Many waterbodies in Northwest Indiana do not meet the USEPA criteria for recreational contact due to bacterial impairment. High concentrations of E. coli observed in these waters indicate the presence of fecal pollution, which may contain a variety human pathogens. Many watershed management plans for the region have identified poorly maintained or failing septic systems as a potential source of the E. coli contamination found in local waters. When septic tanks leak, fecal pollution can spread through surface runoff or groundwater and lead to contamination of local creeks, beaches, and lake water. However, septic pollution is but one of many potential sources of fecal pollution to NWI waterways. Wildlife, domestic pets, agricultural animals, and municipal infrastructure (sanitary and stormwater sewers) can also contribute to the E. coli problem. Determining the source or sources of fecal pollution present in a waterbody is the first step in managing and remediating the problem. Microbial source tracking (MST) is a technique used to differentiate sources of fecal pollution within a watershed. MST is based on the well-supported hypothesis that feces from different host organisms (e.g., humans, cows, wildlife) can be distinguished from one another based on the unique composition or characteristics of the bacteria present in that fecal material. Sequence-based microbial source tracking uses DNA sequencing of a bacterial marker gene to look for evidence of one or more types of fecal pollution by comparing sequences from environmental samples to sequences from sources (fecal inputs). We use a combination of traditional E. coli measurements, qPCR assays of human-specific markers, and community sequencing to determine the contributions of septic effluent to beneficial use impairments. This work is funded by the National Oceanic and Atmospheric Administration through the IN Lake Michigan Coastal Program.
Quantification of pathogens in beach sand
Water quality is monitored at public beaches throughout the swimming season (Memorial Day through Labor Day), but neither the USEPA nor the state of Indiana have equivalent recreational criteria for bacterial contamination of beach sand. Water quality has traditionally been used as a benchmark for health risks to beachgoers due to the possibility of ingestion while swimming or wading. However, recent studies suggest that sand may pose a greater risk for contracting a gastrointestinal illness or skin infection following a beach visit than full contact with water. Multiple homes along the lakeshore in Long Beach (IN) have experienced catastrophic septic system failures, with at least one septic tank completely exposed due beach erosion. To examine the potential human pathogens that may be associated with failing septic systems, we will sample sands in the Long Beach community along a ~1 km stretch of beach spanning the areas of known septic system failures, as well as Miller Beach (Gary, IN), which also has a high proportion of septic use, but no known catastrophic failures. We will analyze the sand and adjacent water for E. coli, human fecal bacterial DNA markers, and common waterborne pathogens. The magnitude of this risk is currently unknown, but it has the potential to negatively impact thousands of residents and visitors that utilize Indiana beaches. This experimental framework can be expanded to examine beach sands across other Great Lakes coastal communities with high densities of shoreline septic systems. The data generated will also provide information relevant to the growing international movement to include health criteria for recreational beach sands similar to water quality criteria. The work is funded by Illinois-Indiana SeaGrant.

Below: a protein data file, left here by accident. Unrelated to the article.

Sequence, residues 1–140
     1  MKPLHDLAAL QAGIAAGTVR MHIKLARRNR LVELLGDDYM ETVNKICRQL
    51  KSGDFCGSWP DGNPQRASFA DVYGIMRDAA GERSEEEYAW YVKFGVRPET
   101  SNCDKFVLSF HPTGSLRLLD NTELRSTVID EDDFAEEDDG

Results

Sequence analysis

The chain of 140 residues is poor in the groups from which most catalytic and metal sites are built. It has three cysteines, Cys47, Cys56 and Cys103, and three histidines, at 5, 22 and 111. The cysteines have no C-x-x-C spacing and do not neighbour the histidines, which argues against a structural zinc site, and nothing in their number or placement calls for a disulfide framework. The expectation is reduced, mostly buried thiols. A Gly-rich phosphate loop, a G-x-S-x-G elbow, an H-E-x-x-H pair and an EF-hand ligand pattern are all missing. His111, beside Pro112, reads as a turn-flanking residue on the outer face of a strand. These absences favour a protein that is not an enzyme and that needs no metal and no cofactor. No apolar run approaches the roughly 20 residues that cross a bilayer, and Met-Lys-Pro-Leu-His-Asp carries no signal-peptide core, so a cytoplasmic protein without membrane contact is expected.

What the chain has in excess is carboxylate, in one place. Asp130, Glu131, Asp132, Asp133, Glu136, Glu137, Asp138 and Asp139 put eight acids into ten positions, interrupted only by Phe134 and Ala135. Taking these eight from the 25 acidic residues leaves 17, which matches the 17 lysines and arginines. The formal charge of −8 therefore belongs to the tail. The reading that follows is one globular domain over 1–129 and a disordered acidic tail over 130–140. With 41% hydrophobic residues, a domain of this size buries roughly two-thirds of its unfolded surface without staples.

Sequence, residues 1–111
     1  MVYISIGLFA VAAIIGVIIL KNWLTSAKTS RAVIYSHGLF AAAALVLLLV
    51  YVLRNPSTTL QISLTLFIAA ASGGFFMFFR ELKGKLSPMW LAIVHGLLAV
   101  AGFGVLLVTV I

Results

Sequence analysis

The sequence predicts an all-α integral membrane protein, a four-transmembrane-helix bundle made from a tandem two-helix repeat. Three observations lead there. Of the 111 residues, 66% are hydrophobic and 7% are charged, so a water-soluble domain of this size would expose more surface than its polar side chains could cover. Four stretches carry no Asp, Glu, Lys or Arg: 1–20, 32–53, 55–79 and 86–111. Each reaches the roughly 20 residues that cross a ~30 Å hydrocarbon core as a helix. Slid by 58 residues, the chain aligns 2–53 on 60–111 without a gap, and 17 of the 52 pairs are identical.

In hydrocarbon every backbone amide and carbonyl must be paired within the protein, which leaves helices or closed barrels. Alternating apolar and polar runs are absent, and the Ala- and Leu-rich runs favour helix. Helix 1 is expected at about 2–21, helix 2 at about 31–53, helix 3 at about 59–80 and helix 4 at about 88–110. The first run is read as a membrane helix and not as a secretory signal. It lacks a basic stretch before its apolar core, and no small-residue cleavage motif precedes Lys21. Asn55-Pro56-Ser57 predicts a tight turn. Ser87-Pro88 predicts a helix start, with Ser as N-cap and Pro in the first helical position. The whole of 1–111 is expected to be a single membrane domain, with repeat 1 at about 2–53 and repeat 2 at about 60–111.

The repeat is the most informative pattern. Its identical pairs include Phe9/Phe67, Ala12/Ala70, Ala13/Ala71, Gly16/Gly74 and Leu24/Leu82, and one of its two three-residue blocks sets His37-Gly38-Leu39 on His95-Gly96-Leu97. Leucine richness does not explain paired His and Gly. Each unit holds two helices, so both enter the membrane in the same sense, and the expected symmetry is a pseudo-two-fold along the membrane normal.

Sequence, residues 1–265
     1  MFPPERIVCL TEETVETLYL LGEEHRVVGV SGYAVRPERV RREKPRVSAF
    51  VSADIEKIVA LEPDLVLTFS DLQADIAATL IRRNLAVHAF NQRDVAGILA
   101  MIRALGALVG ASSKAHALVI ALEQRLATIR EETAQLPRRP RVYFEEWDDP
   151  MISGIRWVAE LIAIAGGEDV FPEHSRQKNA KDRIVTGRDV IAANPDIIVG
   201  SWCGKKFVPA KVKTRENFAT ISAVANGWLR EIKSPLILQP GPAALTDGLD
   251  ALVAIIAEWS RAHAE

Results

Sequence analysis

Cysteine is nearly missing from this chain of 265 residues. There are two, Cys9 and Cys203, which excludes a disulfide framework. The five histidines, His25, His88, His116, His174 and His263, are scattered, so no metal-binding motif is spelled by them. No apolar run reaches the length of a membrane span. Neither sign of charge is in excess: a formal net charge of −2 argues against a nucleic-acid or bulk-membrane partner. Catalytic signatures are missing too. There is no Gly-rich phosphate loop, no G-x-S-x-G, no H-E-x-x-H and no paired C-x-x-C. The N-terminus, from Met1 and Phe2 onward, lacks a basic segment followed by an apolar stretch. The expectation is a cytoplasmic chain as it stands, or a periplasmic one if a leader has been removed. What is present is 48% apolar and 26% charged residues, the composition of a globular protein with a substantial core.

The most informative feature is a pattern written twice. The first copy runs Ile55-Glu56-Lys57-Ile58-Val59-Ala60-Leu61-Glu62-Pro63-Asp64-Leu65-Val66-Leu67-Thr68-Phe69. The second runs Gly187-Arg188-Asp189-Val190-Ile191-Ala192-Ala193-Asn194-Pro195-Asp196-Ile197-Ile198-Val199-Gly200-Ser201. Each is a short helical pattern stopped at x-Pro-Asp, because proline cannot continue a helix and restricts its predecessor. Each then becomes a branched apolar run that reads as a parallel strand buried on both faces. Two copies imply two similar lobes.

Students interested in working with Dr. Fisher’s lab should e-mail her directly and fill out an application for research.